Amid Mega Millions hype, Illinois becomes first state to sell lottery tickets online

Alexandria Johnson

Even before the Mega Millions frenzy over Friday’s record-breaking $640 million drawing, a south Evanston convenience store sold two second-prize tickets, beating 1 in 4 million odds.

United Food Mart, 331 W. Howard St., sold the two Mega Millions tickets March 23. They are worth $250,000 each, but the winners have not yet claimed their prizes, according to an employee who declined to give her name without being authorized to speak publicly. The store will receive 1 percent of the combined winnings, or $5,000, according to the employee.

The Mega Millions grew to the highest jackpot in world history after it rolled over 18 times without a winner. Meanwhile, the Illinois Lottery launched its online pilot program March 25, which sells the Lotto and Mega Millions tickets on the Internet. Illinois is the first state in the country to sell lottery tickets online.

“Because of the large Mega Millions jackpot, we are obviously seeing the volume go up immensely,” said Sara Barnett, Illinois Lottery chief of staff. “That’s been great for us as far as getting it out there.”

The decision to offer the online pilot program came after the U.S. Justice Department decided the Wire Act of 1961, which prohibits online gambling across state and national borders, applies only to sports wagering.

“It’s a very exciting time for the Illinois Lottery,” Barnett said. “We’ve been leaders as far as our policies go, and we’re just undergoing a brand transformation right now. Being online…it’s moving our business into the 21st century.”

State Sen. Jeff Schoenberg (D-Evanston) was chief sponsor of a bill that adds Powerball to the online pilot program and provides more protection for retailers who sell lottery tickets in their stores. The Illinois State Senate passed the legislation Thursday.

“I’m very optimistic that based on the overwhelming victory margin in the Senate, that the bill will similarly pass the House and become law,” Schoenberg told The Daily on Friday.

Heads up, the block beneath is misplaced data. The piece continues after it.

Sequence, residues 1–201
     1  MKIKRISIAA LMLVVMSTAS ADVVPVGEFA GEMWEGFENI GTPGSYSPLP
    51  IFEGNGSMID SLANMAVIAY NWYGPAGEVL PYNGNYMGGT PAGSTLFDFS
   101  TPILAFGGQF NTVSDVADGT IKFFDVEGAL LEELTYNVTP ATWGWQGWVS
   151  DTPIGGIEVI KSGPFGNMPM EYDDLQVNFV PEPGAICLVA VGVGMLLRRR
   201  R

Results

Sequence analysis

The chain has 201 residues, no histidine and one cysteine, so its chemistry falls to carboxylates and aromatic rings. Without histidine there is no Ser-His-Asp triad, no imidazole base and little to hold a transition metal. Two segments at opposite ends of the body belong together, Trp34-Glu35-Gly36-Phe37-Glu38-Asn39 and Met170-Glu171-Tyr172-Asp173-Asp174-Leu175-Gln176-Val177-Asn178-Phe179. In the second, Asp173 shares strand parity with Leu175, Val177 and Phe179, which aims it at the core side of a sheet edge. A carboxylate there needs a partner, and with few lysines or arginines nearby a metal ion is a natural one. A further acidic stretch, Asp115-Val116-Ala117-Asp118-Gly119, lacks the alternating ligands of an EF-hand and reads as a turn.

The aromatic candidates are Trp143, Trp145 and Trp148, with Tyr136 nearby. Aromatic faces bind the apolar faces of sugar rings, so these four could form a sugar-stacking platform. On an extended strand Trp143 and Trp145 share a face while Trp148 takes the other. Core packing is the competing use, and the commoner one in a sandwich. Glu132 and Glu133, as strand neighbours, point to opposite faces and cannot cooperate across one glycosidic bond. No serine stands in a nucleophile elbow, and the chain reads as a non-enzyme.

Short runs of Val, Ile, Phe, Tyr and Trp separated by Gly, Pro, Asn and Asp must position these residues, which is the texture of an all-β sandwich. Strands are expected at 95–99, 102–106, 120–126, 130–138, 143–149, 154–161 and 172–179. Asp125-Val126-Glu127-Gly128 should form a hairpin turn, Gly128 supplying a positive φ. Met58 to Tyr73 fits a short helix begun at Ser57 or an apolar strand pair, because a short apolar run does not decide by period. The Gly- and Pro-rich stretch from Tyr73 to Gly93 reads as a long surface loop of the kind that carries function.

The proceeds from the online lottery sales will go toward funding capital projects including schools, roads and bridges, Schoenberg said.

Adding Powerball to the online pilot program will bring an estimated $25 million per year in additional revenue to pay for the capital projects, in addition to the projected $80 million in revenue from the Lotto and the Powerball – numbers Schoenberg said he considers conservative estimates.

“Mechanical projects, road projects and other planned infrastructure programs by the state will have more secure funding as a result of putting the Powerball online,” Schoenberg said.

However, some retailers expressed concern about the new online offering and how it will impact their businesses. Bill Fleischli, executive vice president of the Illinois Association of Convenience Stores, testified against the bill.

“One of the real reasons why the lottery was started was to not only to raise revenue for the state but to also increase foot traffic and raise awareness of the places that sell the lottery,” Fleischli said, adding there were also concerns over 18-year-olds racking up credit card debt playing online.

However, an amendment was added to the bill to provide more protection for the retailers, as well as allow a study committee to examine the feasibility for lottery vendors to sell stored-value cards that players purchase at the store but use online.

“We thought that the bricks-and-mortar stores would lose foot traffic, and then we thought there would be nothing to bring them into our stores,” Fleischli said. “Hopefully it works for everybody. Hopefully the lottery gains new customers, and we will gain some foot traffic in our facilities.”

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